IMG_6180

My companions for those glorious 5 days.

IMG_6214

You see that red speck in the center of the photo?? That’s a person…

IMG_6309

Rickety Bridges… not for the weak of heart!

IMG_6319

Nothing like a bucket pulley over a raging river.

The third day only two of us opted out of zip-lining in the morning, and so we were each other’s hiking buddies for the first 4 hours of the day. Our guide stayed with the other six and drew us a crude map that looked like something you would follow to get to Narnia… “You go down this ladder, around the mountain, over this bridge… there will be a guard then blink twice say my name and you’ll be there”… ok not quite that weird but pretty close. It’s a shame the other 6 people got to take a car for this section of the trip because that 4 hour hike was truly beautiful! After lunching all together, we finished the day with a 3 hour walk along the train tracks to finally reach the town of Aguas Calientes.

IMG_6343

Gorgeous bridge in the valley surrounded by awe-inspiring mountains.

IMG_6393

Beautiful waterfalls showered the mountainsides.

IMG_6403

This is the first time my friend and I came across another hiker during those 4 hours…   can you spot the stranger-danger?? LOL

IMG_6421

Train tracks to Machu Picchu.

IMG_6437

As I was grumbling about the pain in my legs… getting this shot made me remember how good it is to be on foot instead of rushing past in a train.

The next morning at 5am, I pretended that every inch of my body was NOT in pain, and I jumped out of my bed like it was Christmas! I headed to the line and waited my turn at the bottom of Machu Picchu to get my ticket checked. When you look up it seems to be a sheer cliff face, and you can’t possibly imagine how anyone… let alone little asthmatic me… could get to the top. Then I did it! I hiked up those nearly vertical 2,000 steps huffing and puffing, but I made it!!

Waiting in the line at 5:30am to get let across the bridge to begin the hike up.

Waiting in the line at 5:30am to get let across the bridge to begin the hike up.

Hiking up 2,000 steps, and as the sun began to rise... it was so obvious how it was worth every bit of pain in my aching body!

Hiking up 2,000 steps, and as the sun began to rise… it was so obvious how it was worth every bit of pain in my aching body!

Beautiful steps made by the Quechua people for the Incas to reach Machu Picchu.

Beautiful steps made by the Quechua people, during the time of the Inca empire.

Finally up at the top and through the gates Machu Picchu is still clouded by the morning mist.

Finally up at the top and through the gates, Machu Picchu is still clouded by the morning mist.

Amazing doorways that have lasted the test of time.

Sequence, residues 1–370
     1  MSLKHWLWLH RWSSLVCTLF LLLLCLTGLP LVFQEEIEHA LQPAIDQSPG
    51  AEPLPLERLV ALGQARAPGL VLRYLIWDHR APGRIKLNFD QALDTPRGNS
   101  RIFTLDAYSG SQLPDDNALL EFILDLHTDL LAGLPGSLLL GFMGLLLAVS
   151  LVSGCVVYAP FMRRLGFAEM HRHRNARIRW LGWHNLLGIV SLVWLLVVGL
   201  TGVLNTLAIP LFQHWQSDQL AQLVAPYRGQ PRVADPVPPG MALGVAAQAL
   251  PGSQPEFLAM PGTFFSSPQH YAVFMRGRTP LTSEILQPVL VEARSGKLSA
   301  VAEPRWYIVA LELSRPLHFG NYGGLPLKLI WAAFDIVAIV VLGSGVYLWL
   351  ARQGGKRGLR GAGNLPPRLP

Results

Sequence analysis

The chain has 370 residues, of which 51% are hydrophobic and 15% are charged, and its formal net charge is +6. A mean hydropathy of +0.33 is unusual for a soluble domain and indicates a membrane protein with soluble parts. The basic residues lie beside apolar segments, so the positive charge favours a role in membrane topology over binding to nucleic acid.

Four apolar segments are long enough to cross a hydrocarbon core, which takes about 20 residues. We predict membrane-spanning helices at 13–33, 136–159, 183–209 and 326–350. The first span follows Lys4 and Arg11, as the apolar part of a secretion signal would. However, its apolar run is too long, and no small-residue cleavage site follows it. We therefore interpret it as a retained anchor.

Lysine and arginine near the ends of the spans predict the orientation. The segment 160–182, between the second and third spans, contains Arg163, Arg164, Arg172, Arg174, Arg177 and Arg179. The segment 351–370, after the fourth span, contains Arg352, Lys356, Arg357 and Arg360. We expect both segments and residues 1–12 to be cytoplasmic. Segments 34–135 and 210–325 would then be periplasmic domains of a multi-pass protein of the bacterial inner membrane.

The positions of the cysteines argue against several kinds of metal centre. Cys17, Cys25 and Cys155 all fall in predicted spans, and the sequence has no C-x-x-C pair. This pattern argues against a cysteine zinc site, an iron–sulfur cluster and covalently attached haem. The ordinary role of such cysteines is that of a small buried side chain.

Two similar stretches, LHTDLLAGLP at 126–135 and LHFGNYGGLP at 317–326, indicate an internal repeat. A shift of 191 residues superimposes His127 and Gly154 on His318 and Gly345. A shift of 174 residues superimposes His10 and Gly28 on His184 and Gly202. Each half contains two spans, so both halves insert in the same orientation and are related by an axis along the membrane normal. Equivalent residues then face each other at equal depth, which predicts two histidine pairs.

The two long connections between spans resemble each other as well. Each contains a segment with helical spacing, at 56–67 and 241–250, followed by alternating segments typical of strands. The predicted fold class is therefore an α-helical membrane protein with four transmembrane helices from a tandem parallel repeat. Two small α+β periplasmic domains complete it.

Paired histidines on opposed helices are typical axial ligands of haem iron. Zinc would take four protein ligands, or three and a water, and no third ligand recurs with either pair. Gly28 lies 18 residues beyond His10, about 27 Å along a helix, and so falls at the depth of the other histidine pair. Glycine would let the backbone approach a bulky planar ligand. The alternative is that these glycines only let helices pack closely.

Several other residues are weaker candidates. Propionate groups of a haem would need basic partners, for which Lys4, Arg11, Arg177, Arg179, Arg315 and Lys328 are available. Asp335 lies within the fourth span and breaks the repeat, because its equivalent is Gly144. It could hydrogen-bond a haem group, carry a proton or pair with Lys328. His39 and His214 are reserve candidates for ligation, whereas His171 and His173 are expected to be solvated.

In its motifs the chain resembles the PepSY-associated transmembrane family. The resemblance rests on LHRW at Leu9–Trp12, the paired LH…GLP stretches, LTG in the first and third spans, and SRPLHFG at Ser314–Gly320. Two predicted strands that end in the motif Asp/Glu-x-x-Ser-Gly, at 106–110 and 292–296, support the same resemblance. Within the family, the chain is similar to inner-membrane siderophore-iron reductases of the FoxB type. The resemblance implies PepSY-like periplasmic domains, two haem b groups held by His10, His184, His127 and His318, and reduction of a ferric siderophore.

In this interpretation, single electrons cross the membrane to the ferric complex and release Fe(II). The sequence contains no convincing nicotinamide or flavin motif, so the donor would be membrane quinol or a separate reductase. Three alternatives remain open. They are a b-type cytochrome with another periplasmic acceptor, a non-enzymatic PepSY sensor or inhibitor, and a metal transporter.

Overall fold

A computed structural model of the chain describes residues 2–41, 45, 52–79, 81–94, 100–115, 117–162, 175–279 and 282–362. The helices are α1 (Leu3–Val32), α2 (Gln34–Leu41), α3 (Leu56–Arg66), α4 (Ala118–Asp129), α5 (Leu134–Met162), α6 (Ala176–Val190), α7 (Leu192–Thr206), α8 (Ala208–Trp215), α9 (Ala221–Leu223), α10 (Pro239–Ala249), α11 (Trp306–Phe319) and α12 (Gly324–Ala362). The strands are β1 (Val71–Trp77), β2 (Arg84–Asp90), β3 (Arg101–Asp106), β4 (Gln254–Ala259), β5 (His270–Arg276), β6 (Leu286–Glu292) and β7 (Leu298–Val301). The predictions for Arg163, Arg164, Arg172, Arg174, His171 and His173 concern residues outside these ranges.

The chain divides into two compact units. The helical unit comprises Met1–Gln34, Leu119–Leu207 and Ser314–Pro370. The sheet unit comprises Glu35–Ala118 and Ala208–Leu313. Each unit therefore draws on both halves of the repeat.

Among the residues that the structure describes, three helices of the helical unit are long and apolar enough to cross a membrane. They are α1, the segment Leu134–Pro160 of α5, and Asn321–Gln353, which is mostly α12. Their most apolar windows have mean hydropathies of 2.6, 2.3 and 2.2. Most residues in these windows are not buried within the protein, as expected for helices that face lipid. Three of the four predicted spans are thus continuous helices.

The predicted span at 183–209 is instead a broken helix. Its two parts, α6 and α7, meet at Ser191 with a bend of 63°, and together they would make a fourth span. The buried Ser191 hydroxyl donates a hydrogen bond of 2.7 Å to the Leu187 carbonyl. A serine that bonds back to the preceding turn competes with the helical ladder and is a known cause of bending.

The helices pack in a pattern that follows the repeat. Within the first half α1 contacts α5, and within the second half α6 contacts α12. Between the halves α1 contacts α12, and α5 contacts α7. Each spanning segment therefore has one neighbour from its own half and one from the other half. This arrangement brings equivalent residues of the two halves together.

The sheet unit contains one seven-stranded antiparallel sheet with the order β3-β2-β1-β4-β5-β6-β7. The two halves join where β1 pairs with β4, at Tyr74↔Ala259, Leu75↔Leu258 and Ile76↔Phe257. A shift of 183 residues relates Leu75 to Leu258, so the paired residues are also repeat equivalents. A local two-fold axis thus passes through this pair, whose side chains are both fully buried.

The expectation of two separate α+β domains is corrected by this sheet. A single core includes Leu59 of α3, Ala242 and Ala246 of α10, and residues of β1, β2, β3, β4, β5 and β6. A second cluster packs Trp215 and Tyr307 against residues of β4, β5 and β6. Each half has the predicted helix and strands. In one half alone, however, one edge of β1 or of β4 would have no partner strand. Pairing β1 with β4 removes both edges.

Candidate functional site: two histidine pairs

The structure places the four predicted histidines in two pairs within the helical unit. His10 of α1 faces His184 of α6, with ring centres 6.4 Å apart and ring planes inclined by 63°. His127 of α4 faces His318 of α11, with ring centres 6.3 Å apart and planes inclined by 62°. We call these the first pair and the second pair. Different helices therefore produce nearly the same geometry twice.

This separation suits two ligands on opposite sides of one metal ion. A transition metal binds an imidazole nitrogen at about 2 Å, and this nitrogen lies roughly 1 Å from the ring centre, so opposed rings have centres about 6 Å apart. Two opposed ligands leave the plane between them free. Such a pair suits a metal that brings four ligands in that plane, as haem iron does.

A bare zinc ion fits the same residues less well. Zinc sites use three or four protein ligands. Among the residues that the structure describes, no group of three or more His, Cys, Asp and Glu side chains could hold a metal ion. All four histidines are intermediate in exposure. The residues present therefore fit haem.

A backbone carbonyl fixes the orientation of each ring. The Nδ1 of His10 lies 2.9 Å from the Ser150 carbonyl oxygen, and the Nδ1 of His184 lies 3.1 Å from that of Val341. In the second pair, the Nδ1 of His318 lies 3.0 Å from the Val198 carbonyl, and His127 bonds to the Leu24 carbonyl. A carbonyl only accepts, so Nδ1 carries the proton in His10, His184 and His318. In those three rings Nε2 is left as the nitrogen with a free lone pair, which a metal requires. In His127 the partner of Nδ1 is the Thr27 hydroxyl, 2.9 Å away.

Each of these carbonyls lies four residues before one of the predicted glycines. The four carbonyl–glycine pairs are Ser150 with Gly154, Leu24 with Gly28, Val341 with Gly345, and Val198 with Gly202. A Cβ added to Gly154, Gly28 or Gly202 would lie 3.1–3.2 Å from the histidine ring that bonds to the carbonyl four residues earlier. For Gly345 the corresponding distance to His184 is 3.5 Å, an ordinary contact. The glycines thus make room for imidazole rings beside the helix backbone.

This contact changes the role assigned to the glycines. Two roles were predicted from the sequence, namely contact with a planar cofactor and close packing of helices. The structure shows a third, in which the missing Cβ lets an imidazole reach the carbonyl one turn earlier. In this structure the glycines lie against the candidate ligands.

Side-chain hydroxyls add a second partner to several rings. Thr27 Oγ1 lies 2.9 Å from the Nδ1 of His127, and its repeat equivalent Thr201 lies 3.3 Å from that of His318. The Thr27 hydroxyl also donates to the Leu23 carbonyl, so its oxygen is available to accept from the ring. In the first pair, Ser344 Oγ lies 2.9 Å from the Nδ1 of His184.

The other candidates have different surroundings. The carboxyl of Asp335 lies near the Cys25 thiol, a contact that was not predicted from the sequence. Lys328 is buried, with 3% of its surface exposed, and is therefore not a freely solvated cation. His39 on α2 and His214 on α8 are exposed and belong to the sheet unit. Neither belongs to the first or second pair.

Amazing doorways that have lasted the test of time.

IMG_6477

Before we went off to explore on our own, we walked around for 2 hours with a guide who explained the history of this incredible site.

IMG_6482

In all its splendor!

IMG_6496

The only building with a rounded wall… believed to be a temple of the sun.

IMG_6503

It is thought that this was an architectural design to keep Machu Picchu from sliding off the top of the mountain, but another theory is that they were used for agriculture… and some say these terraces were for both.

IMG_6567

“Don’t touch the ruins!” Im not touching… I’m thinking!

IMG_6581

Breathtaking!

IMG_6603

Machu Picchu… The Land Of #Selfies

IMG_6650

On top of the WORLD.

IMG_6712

Don’t forget me! The llamas at the Machu Picchu site are actually there to maintain the grass!

IMG_6726

Channeling the essence of the Picchu… actually I was fixing my hair for the pic, but meditating makes it seem like I’m making a much cooler face!

This was one of the most incredible things I have done in my life. I made memories and friends I get to keep forever by going through the amazing tour group Aita Peru, but I still had that time I need when I visit a place to sit and be with just myself. I like to say that when I travel I never “sight-see”… I commune. Machu Picchu proved to be one of those incredible places where as I stand in awe, my soul expands to connect with the land and I am forever changed… elevated and never to be the same.

Happy place! Happy face!

Happy place! Happy face!

Advertisements

Join the Conversation!

Fill in your details below or click an icon to log in:

WordPress.com Logo

You are commenting using your WordPress.com account. Log Out / Change )

Twitter picture

You are commenting using your Twitter account. Log Out / Change )

Facebook photo

You are commenting using your Facebook account. Log Out / Change )

Google+ photo

You are commenting using your Google+ account. Log Out / Change )

Connecting to %s